A variety of organisms including mammals have evolved a 24h, self-sustained timekeeping machinery known as the circadian clock (biological clock), which enables to anticipate, respond, and adapt to environmental influences such as the daily light and dark cycles. Proper functioning of the clock plays a pivotal role in the temporal regulation of a wide range of cellular, physiological, and behavioural processes. The disruption of circadian rhythms was found to be associated with the onset and progression of several pathologies including sleep and mental disorders, cancer, and neurodegeneration. Thus, the role of the circadian clock in health and disease, and its clinical applications, have gained increasing attention, but the exact mechanisms underlying temporal regulation require further work and the integration of evidence from different research fields. In this review, we address the current knowledge regarding the functioning of molecular circuits as generators of circadian rhythms and the essential role of circadian synchrony in a healthy organism. In particular, we discuss the role of circadian regulation in the context of behaviour and cognitive functioning, delineating how the loss of this tight interplay is linked to pathological development with a focus on mental disorders and neurodegeneration. We further describe emerging new aspects on the link between the circadian clock and physical exercise-induced cognitive functioning, and its current usage as circadian activator with a positive impact in delaying the progression of certain pathologies including neurodegeneration and brain-related disorders. Finally, we discuss recent epidemiological evidence pointing to an important role of the circadian clock in mental health.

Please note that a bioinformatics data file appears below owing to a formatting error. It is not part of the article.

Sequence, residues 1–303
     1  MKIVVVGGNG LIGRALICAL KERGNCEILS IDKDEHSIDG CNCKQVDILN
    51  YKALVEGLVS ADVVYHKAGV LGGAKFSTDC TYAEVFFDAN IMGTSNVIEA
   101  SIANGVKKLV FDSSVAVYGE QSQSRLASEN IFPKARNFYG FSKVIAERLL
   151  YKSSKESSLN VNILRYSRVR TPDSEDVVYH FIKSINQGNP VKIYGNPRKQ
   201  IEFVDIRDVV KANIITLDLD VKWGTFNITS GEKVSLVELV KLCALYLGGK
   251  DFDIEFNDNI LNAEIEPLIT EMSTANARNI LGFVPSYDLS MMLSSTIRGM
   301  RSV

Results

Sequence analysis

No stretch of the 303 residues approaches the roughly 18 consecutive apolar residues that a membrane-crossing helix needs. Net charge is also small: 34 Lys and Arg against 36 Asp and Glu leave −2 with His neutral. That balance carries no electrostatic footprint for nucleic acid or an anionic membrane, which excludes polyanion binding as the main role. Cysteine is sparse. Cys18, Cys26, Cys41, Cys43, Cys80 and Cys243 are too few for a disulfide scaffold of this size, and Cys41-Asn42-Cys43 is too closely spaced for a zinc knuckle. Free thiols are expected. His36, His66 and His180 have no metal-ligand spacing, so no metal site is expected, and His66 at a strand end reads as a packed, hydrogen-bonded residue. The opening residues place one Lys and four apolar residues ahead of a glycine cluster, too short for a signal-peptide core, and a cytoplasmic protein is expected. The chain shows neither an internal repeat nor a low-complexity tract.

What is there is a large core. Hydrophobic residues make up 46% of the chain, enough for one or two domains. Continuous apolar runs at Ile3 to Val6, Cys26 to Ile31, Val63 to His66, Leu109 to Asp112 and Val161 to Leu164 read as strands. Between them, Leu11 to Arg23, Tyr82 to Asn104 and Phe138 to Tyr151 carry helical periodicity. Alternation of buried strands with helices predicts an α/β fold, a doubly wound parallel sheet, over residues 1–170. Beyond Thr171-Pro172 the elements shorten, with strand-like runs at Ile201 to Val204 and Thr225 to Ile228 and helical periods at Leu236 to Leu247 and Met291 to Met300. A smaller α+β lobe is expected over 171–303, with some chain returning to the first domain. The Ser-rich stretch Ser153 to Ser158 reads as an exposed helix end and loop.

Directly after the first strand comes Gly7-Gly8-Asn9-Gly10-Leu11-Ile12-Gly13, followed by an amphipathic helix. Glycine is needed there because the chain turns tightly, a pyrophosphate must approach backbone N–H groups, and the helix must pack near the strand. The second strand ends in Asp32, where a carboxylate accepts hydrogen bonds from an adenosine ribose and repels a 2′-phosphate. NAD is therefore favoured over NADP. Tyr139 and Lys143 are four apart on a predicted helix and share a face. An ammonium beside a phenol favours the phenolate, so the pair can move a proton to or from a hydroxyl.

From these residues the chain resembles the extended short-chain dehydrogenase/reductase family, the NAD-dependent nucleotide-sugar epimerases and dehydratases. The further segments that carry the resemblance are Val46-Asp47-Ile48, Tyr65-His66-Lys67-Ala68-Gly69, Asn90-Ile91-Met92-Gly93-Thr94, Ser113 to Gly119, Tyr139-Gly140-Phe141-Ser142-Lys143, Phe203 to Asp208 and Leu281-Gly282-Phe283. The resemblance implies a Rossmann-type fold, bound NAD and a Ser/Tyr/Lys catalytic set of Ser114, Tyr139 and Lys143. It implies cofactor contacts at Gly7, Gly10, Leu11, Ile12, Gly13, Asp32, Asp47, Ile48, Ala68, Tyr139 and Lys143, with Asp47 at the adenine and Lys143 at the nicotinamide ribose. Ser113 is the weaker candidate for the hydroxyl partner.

|Frontiers in physiology
|Veröffentlicht - 25 Apr. 2022